A Windows-based remote access Trojan believed to be designed by Pakistani hacker groups to infiltrate computers and steal users' data has resurfaced after a two-year span with retooled capabilities to target Android and macOS devices.
According to cybersecurity firm Kaspersky, the malware — dubbed "GravityRAT" — now masquerades as legitimate Android and macOS apps to capture device data, contact lists, e-mail addresses, and call and text logs and transmit them to an attacker-controlled server.
First documented by the Indian Computer Emergency Response Team (CERT-In) in August 2017 and subsequently by Cisco Talos in April 2018, GravityRAT has been known to target Indian entities and organizations via malware-laced Microsoft Office Word documents at least since 2015.
Noting that the threat actor developed at least four different versions of the espionage tool, Cisco said, "the developer was clever enough to keep this infrastructure safe, and not have it blacklisted by a security vendor."
Then last year, it emerged that Pakistani spies used fake Facebook accounts to reach out to more than 98 officials from various defence forces and organizations, such as the Indian Army, Air Force, and Navy, and trick them into installing the malware disguised as a secure messaging app called Whisper.
But even as the latest evolution of GravityRAT goes beyond anti-malware evasion capabilities to gain multi-platform support — including Android and macOS — the overall modus operandi remains the same: sending targets links to booby-trapped Android (e.g., Travel Mate Pro) and macOS apps (Enigma, Titanium) to distribute the malware.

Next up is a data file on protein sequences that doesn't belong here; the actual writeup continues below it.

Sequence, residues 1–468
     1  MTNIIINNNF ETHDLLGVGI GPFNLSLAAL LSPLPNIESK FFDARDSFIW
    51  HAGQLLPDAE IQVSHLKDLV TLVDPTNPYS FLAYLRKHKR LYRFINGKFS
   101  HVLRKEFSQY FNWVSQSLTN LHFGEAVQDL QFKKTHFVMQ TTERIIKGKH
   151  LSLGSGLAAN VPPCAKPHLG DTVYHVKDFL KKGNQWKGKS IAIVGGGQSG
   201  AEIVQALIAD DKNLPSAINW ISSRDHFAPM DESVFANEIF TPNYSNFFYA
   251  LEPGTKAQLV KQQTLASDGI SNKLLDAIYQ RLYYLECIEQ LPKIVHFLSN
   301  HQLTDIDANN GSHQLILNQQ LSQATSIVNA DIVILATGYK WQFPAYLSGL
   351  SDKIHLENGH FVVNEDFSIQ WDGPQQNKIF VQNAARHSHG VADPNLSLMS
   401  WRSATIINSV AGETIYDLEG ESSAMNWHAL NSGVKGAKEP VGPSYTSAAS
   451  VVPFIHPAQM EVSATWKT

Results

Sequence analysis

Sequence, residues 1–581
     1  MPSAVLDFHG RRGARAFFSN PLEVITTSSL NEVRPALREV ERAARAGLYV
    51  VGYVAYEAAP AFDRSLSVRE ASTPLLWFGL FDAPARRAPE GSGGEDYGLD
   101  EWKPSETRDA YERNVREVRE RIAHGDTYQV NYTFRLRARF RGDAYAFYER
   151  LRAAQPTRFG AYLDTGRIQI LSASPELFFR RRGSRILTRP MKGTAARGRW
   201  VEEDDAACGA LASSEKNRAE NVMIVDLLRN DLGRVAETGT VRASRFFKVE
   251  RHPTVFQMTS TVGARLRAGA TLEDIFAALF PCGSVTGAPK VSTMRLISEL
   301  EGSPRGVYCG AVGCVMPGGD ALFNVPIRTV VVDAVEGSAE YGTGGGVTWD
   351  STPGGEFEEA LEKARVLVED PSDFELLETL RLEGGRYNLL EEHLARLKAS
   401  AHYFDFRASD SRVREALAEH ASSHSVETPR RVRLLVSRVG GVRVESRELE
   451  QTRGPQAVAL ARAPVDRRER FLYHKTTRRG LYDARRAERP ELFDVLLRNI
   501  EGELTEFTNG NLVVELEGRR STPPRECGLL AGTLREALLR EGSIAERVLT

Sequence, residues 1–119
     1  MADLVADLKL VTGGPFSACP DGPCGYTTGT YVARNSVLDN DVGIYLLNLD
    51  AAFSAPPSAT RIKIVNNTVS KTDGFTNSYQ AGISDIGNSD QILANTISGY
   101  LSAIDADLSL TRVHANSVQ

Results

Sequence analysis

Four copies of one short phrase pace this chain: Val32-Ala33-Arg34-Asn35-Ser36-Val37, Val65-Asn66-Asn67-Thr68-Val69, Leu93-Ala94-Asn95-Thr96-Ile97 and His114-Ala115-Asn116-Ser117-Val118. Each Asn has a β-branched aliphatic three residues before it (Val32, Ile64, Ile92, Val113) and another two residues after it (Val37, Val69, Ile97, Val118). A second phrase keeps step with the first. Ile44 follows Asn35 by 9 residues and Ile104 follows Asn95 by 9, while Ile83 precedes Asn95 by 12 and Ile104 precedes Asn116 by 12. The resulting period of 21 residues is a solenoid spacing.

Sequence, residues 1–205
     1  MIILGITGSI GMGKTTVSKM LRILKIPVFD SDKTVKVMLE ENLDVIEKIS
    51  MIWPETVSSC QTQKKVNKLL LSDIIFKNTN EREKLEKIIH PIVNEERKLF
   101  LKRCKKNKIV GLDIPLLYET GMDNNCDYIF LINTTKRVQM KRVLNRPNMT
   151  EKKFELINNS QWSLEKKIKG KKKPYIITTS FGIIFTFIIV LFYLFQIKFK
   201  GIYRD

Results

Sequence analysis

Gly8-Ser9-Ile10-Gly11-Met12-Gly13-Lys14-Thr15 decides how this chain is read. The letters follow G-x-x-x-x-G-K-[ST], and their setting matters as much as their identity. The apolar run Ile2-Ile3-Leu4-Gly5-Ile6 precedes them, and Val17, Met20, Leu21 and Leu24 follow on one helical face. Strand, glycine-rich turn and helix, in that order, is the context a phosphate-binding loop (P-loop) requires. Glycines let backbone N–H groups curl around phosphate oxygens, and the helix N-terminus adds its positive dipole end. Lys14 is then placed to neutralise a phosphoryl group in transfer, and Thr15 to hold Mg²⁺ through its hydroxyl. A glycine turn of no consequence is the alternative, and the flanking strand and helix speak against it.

Kaspersky said it found over ten versions of GravityRAT that were being distributed under the guise of legitimate applications by cross-referencing the command-and-control (C2) addresses used by the Trojan.
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In all, the trojanized applications spanned across travel, file sharing, media players, and adult comics categories, catering to users of Android, macOS, and Windows, thereby allowing the attackers to grab system information, documents with specific extensions, a list of running processes, record keystrokes and take screenshots, and even execute arbitrary Shell commands.
"Our investigation indicated that the actor behind GravityRAT is continuing to invest in its spying capacities," Kaspersky's Tatyana Shishkova said.
"Cunning disguise and an expanded OS portfolio not only allow us to say that we can expect more incidents with this malware in the APAC region, but this also supports the wider trend that malicious users are not necessarily focused on developing new malware, but developing proven ones instead, in an attempt to be as successful as possible."